Methadone has been known as a common treatment for opioids addiction and pain relief. However, it may have adverse effects on the respiratory and cardiovascular systems, and its mortality and morbidity have been increased. This might be due to overdoses or chronic usage, mostly more than 100 mg/d. In cardiovascular system, methadone induces prolongation of QT interval and lethal ventricular arrhythmia, especially polymorphic ventricular arrhythmia (1).
2. Case Presentation
A 41-year-old man with a history of nausea, recurrent vomiting, and epigastric pain for five hours referred to the emergency department. He was a drug user and had used 50 cc (250 mg) of methadone every night for the past six years, plus some extra doses in the last week. At admission, he was monitored, and had a normal mental state, vital signs, and physical exams. His first electrocardiogram (ECG) showed a long QT interval (Figure 1; corrected QT (QTc) interval = 630 msec). Initial laboratory testing revealed that the serum potassium, calcium, and magnesium levels were normal.
Six hours after admission, the patient’s rhythm on the monitor exhibited short-coupled premature ventricular contraction (PVC) in a pattern of bigeminy that triggered Torsades de Pointes for about 30 seconds (Figure 2) and was spontaneously converted to sinus rhythm before making any interventions. The patient became unconscious during this short period.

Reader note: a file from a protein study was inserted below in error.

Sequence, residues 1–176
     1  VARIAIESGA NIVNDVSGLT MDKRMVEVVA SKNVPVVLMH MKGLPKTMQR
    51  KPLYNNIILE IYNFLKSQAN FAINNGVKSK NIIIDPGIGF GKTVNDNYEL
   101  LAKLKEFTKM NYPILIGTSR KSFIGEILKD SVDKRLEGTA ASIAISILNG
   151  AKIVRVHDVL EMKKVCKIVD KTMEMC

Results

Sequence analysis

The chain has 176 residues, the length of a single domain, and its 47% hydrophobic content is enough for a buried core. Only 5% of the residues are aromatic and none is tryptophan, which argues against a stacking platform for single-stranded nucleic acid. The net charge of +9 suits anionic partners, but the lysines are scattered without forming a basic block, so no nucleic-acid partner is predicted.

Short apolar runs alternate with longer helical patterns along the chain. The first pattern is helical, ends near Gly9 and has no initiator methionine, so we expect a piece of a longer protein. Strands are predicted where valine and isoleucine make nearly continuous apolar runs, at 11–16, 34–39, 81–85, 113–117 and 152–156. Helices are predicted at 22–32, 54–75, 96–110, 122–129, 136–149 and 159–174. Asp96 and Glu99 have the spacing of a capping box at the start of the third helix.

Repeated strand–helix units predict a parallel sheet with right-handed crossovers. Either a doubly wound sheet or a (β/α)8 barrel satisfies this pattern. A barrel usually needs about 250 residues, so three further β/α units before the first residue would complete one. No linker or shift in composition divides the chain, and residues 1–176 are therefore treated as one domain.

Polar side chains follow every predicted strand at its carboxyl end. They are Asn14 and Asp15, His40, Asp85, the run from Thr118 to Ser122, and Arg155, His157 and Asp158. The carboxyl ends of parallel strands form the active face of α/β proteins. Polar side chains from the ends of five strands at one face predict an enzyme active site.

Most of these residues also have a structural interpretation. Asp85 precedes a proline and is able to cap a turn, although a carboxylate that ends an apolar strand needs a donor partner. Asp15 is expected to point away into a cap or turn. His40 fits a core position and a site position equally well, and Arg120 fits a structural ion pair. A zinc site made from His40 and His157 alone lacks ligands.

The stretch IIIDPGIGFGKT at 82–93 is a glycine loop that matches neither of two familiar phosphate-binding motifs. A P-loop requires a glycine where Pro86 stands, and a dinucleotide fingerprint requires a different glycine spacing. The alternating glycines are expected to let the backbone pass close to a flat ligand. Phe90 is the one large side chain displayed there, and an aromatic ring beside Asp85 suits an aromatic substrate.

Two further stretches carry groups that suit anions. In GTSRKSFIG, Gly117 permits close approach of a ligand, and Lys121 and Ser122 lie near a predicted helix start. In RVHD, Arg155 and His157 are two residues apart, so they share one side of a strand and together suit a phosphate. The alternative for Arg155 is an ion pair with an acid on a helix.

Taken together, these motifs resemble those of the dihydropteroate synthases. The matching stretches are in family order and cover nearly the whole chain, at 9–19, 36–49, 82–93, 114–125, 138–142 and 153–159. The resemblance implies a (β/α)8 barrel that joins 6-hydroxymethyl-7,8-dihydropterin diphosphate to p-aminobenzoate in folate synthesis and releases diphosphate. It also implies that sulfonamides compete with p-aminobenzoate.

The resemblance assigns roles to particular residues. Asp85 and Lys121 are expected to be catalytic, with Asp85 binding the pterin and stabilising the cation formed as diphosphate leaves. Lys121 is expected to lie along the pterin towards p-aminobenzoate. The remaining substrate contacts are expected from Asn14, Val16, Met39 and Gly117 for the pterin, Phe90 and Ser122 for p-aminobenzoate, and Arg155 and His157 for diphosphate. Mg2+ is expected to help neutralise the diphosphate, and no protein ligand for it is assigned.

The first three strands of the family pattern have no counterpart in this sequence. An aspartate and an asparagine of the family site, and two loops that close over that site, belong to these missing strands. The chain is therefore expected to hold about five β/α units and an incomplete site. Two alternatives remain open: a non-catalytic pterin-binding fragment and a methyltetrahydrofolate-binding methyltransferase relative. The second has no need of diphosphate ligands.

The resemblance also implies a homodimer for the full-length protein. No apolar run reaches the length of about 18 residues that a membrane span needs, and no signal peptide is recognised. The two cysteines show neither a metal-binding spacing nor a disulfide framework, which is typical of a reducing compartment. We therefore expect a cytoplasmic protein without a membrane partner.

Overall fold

In the acute phase, the patient was treated with intravenous magnesium and lidocaine. He was discharged after congenital long QT syndromes were ruled out. He received counseling for cessation of addiction and a ban on methadone.
The long corrected QT Interval (QTc) in adult women and men is defined as QTc > 470, QTc > 450 msec. Prolonged QTc interval, especially if more than 500 msec, increases the risk of lethal arrhythmia, which can be presented as presyncope, syncope, aborted sudden cardiac death, and sudden cardiac death.
Prolongation of myocardial repolarization can manifest itself in the ECG as a prolonged QT interval. It also generates early after depolarization that triggers PVC proceeding to polymorphic ventricular tachycardia known as Torsades de Pointes, which is usually self-limited but can progress to ventricular fibrillation as a life threatening arrhythmia. The most common cause of acquired long QT syndromes in patients with a normal physiological and structural cardiovascular system is the use of medications (2).
Chronic high-dose methadone usage inhibits the rapid part of the delayed rectifier potassium current (IKr) during myocardial repolarization, leading to prolongation of QT interval. This effect is usually dose-dependent and almost arrhythmia does not occur in the beginning days of using methadone (1). The chronic methadone consumers are prone to have some conditions that facilitates prolongation of QTc interval and causes Torsades de Pointes, such as electrolyte imbalance (hypokalemia and hypocalcemia), bradycardia, severe structural heart disease, and use of other drugs inducing long QT interval (antidepressants, etc.) (3).
Routhier DD, Katz KD, Brooks DE. QTc prolongation and torsades de pointes associated with methadone therapy. J Emerg Med. 2007;32(3):275-8. doi: 10.1016/j.jemermed.2006.07.027. [PubMed: 17394991].
Khan IA. Clinical and therapeutic aspects of congenital and acquired long QT syndrome. Am J Med. 2002;112(1):58-66. doi: 10.1016/s0002-9343(01)01011-7.
Sticherling C, Schaer BA, Ammann P, Maeder M, Osswald S. Methadone-induced Torsade de pointes tachycardias. Swiss Med Wkly. 2005;135(19-20):282-5. [PubMed: 15986265].